Lylburn Downing hires solar firm to save energy costs, educate students

By Peter Rathmell

While students look to the sun for warm weather, Lylburn Downing Middle School is looking to the sun for electricity – and to teach its students how that works.

In June, the Lexington City School Division contracted a Staunton-based solar energy company, Secure Futures LLC, to install a solar panel array on the roof of Lylburn Downing. The school division hopes to save money on cheap and clean electricity while educating students about solar power.

The school is participating in Secure Futures’ Solar Schools Initiative. The initiative leases roofs of school buildings and puts solar panels on them at no cost to the school.

The panels are still owned by Secure Futures, but the electricity generated by the array is sold to the school at a reduced rate. The system is expected to save the Lexington school division between $3,000 and $5,000 annually, according to Matt Ruscio, program and policy advisor at Secure Futures.

The solar array will include about 295 panels, said Ruscio. It is projected to generate 110,000 kilowatt-hours of electricity each year, which supplies roughly a quarter of the school’s needs.

Proposed plan detailing where the solar panels will be placed on Lylburn Downing Middle School. Construction will begin in May and will conclude in August.
Construction is set to start in May on a rooftop solar installation at Lylburn Downing.

“If they [the schools] wanted solar energy and they wanted to directly purchase the system, they’d be expending $250,000 up front and that is something that a K-12 school… [doesn’t] have,” Ruscio said.

The Solar Schools Initiative began in June with six public schools in Albemarle County. Lexington City Schools is the second division to jump aboard.

The motivation comes from increasing awareness about the need to protect the environment, said Lexington City Schools Superintendent Scott Jeffries.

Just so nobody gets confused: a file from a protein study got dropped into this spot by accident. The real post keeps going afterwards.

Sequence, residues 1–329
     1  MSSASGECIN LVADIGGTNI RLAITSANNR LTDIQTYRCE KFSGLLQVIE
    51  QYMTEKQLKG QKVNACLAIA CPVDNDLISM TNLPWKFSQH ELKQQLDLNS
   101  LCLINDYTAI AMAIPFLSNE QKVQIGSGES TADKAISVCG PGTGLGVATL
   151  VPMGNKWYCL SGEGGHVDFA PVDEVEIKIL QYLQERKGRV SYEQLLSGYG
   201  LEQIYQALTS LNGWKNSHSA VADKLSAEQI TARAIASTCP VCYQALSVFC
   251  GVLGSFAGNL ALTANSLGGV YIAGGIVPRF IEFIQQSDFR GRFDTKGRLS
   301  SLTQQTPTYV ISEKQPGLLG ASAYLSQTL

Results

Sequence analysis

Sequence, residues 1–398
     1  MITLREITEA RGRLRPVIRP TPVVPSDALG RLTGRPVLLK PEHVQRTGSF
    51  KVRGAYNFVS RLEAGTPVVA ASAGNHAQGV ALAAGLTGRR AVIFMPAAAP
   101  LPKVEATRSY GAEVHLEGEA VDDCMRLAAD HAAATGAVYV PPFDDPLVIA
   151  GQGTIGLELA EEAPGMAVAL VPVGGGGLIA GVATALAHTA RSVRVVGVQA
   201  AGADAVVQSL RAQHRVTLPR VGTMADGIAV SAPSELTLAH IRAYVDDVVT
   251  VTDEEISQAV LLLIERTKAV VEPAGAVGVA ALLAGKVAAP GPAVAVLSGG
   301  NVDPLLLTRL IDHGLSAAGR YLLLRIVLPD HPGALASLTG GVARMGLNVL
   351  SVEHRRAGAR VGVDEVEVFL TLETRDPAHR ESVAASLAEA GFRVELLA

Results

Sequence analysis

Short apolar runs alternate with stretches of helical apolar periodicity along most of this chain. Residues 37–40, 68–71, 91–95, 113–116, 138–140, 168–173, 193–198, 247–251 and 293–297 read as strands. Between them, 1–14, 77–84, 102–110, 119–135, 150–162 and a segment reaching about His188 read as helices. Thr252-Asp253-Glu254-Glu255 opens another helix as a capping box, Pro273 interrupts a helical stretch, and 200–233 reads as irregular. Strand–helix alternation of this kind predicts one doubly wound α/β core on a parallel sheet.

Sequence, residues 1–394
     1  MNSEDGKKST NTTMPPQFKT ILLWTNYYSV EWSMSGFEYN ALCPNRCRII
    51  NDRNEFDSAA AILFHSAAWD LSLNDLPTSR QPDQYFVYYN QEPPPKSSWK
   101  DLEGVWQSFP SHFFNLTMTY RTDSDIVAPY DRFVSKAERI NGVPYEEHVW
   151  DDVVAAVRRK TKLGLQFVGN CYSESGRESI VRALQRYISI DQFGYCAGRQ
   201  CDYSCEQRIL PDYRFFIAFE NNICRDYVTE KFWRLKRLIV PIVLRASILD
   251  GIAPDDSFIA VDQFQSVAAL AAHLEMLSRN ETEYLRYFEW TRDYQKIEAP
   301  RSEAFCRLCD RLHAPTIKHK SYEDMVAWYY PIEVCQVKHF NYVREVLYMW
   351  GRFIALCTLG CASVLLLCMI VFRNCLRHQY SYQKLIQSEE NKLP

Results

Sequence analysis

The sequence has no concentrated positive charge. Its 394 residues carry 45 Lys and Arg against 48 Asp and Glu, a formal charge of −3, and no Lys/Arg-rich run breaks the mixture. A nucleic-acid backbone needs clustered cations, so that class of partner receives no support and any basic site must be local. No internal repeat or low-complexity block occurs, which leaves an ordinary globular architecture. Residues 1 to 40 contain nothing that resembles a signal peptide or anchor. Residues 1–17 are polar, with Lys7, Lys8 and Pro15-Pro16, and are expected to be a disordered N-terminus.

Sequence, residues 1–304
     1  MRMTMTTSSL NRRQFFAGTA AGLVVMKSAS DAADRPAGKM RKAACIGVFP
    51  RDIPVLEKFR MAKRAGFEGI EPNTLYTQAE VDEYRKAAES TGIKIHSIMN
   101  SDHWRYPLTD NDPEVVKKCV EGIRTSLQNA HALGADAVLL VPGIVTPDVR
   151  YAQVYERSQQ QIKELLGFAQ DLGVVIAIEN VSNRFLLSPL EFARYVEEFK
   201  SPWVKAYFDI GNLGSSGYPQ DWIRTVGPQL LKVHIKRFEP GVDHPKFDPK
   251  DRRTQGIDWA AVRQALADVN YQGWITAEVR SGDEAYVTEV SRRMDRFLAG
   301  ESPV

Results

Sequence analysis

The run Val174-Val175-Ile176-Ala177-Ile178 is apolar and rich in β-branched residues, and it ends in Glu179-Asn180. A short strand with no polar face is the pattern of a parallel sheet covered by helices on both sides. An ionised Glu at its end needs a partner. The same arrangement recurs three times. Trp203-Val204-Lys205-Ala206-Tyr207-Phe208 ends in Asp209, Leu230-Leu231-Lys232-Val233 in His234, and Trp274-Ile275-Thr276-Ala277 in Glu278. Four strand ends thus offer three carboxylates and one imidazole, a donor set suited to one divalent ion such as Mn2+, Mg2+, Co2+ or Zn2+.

“Even a small school system our size, we can do something,” he said.

Beyond just saving the division operating costs, the project will also minimize Llyburn Downing’s carbon footprint. The solar energy will offset about 80 tons of CO2 annually, Ruscio said, about the same amount generated by the coal needed to power 10 homes.

The education part of the project features a “Solar Spotlight:” a 20-foot tall structure holding six solar panels with USB ports for students to charge their electronic devices and LCD screens to show students the benefits of solar energy. The structure also provides a seating area and shade for students.

Jeffries hopes that the school will be able to use the spotlight for various science experiments and educational opportunities, such as measuring how long it takes to charge different devices and how much energy cell phones and computers use.

We plan on having a screen that shows the work that is being produced from our solar panels, how much we’re saving, the output; kind of a transparent, educational component as well,” said Jeffries.

The solar array will create minimal aesthetic disturbances to the school and will not require massive renovations, said Ruscio.

“They [the panels] will just simply rest on top of the roof. They will be weighted down, so that obviously the wind doesn’t blow them off, but there are no roof penetrations so they are just kind of sitting on top of the roof,” said Ruscio.

The school division originally considered installing the solar array on Waddell Elementary School, which is still under construction, but the school board ultimately decided that Lylburn Downing ’s location and its height make it a better fit, Jeffries said.

The solar panel array has an expected service life of about 35 years, but Lexington City School’s contract with Secure Futures expires in just 20 years. After that, the division can decide whether to buy the array, renew the contract or have the array removed.

Installation of the solar array is set to begin in May and be completed by August.